Thursday, March 4, 2010

Healthcare Update from Left, the Summitt & Mother Jones

Originally Published "State of the Nation" by Brandon Jones at Desk of

"Still, my take is that the summit was basically a draw, but with a slight edge to the Republicans. They didn't have to win, after all. They just had to seem non-insane, and for the most part they did. What's more, Obama missed a chance to provide a punchy, 60-second sales pitch for the Democratic plan." - Kevin Drum, liberal website "Mother Jones"1


To the leftist supporters of Obamacare and the Democrats aligned for the government takeover of one-sixth of our economy, Republicans are just simple obstructionists.


Right-wing talking heads will tout the successes of Paul Ryan while the left heard: "The Republicans simply don’t want to pass comprehensive health-care reform." (EJ Dionne at the Washington Post)


Let me credit "Mother Jones" for providing such a great synopsis of the left-wing healthcare reformers.


Paul Krugman:


"So what did we learn from the summit? What I took away was the arrogance that the success of things like the death-panel smear has obviously engendered in Republican politicians. At this point they obviously believe that they can blandly make utterly misleading assertions, saying things that can be easily refuted, and pay no price. And they may well be right."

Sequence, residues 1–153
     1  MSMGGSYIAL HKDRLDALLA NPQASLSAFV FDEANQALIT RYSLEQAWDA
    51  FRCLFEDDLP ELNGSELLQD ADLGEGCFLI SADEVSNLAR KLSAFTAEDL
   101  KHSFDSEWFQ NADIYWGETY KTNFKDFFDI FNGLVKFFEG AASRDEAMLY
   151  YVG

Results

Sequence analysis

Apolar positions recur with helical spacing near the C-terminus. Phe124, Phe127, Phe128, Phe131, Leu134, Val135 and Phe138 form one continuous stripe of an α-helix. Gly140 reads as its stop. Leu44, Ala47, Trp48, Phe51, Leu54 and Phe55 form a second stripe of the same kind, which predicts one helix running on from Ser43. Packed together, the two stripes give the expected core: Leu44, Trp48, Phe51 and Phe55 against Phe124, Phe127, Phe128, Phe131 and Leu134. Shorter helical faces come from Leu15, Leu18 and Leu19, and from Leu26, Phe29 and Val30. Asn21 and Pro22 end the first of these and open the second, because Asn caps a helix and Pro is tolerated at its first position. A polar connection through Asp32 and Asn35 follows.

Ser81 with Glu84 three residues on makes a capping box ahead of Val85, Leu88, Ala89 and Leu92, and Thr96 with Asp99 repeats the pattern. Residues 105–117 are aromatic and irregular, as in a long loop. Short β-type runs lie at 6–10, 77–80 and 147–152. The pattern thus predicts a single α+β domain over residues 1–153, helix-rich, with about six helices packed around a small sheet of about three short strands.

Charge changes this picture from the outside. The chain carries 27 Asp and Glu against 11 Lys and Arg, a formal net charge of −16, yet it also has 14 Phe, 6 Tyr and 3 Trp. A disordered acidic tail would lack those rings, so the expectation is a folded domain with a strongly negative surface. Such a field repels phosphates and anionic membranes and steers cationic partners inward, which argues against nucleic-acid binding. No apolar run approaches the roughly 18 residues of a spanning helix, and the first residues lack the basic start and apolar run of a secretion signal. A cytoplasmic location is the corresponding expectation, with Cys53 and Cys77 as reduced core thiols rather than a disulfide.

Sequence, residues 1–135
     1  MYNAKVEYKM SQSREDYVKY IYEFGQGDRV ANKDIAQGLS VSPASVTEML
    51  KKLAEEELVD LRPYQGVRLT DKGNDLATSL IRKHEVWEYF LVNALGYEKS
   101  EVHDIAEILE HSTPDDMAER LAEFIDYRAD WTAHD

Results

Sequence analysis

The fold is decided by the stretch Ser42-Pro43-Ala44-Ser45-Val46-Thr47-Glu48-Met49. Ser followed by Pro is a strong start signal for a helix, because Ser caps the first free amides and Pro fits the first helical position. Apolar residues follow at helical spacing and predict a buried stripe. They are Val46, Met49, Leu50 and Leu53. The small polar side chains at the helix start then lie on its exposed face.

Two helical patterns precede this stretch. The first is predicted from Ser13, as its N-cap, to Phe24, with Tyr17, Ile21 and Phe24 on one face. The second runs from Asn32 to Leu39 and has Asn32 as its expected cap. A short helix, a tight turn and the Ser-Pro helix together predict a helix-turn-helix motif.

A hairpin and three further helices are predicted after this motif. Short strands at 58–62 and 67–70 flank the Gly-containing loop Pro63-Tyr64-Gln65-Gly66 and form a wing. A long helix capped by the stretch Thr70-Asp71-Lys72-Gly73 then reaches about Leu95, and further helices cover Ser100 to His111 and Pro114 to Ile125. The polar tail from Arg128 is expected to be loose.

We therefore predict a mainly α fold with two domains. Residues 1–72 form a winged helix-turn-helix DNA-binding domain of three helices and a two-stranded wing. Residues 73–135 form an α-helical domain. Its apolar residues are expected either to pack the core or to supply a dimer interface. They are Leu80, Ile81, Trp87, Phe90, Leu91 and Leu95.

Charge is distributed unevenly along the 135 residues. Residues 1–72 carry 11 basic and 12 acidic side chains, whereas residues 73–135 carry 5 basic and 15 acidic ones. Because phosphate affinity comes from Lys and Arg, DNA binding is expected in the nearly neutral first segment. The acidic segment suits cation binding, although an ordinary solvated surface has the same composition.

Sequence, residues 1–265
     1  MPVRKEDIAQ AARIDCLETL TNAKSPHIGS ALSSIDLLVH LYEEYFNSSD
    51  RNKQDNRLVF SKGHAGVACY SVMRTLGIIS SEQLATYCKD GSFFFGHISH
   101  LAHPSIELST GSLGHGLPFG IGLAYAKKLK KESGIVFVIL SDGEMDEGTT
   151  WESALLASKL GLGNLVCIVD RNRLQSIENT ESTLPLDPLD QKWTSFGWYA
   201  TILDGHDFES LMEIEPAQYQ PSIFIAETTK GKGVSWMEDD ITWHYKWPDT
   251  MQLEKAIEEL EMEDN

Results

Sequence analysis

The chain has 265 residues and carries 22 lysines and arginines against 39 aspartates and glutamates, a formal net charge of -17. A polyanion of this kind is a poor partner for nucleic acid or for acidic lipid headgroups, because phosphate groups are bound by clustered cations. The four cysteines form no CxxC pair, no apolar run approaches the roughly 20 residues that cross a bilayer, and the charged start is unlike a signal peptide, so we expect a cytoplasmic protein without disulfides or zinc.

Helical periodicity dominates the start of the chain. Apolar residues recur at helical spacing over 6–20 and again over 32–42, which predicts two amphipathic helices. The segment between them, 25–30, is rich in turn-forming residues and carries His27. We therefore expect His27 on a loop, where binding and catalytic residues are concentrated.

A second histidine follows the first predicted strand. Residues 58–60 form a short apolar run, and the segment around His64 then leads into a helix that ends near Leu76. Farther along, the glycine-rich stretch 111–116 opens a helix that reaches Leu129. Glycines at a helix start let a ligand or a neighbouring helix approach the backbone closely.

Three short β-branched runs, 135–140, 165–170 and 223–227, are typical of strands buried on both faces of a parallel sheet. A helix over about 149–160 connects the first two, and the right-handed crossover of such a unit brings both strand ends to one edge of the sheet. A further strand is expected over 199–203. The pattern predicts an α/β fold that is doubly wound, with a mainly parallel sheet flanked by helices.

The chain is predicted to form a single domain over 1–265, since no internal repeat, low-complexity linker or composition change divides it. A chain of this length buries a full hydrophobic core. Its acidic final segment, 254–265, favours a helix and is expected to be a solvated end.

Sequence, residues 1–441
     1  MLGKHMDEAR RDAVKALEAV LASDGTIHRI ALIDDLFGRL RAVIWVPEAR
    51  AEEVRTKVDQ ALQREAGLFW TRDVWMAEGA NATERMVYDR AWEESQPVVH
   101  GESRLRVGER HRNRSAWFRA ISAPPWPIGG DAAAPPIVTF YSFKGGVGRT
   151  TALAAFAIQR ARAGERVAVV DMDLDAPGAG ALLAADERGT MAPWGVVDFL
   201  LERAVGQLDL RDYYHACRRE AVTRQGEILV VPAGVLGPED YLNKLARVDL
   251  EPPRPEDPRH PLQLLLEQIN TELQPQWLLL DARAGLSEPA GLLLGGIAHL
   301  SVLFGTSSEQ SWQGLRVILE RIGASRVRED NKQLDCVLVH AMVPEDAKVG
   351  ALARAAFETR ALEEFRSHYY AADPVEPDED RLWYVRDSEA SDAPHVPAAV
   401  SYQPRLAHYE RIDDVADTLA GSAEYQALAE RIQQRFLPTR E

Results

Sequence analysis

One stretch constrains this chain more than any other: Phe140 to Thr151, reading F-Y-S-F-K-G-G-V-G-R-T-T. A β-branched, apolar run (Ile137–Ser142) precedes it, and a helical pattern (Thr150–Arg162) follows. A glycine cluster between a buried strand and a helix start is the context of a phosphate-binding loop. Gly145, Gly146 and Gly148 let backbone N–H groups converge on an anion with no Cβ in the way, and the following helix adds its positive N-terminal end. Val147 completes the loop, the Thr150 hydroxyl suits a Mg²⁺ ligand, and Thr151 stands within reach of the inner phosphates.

The belief that government controlling healthcare is a viable option cannot be refuted to Krugman, Dionne, Drum, Nancy Pelosi, Harry Reid or Barack Obama.

25% -- yes, only 25% of Americans wants this reform to be passed. Compared to 75% that supported President Obama's effort one year ago, 50% of the population have come to the same conclusion -- no.


Don't reform healthcare like this.


Many surveyed agree to scrap the bill, start over, incorporate the "small bill" conservative reformation suggestions, but DO NOT pass the Senate or the House bills.


If there was truth and validity to the claims of lies and falsehoods by the Republicans, then the Obama administration wouldn't be pressing Congress to add portability, state line and TORT language to the bills.


But hey, those are facts and they don't taste good.


Paul Ryan leads the Republicans to victory with the answered fact: the real cost is $2.3 trillion.


Paying for it appears to be a problem the Democrats will ignore for now.




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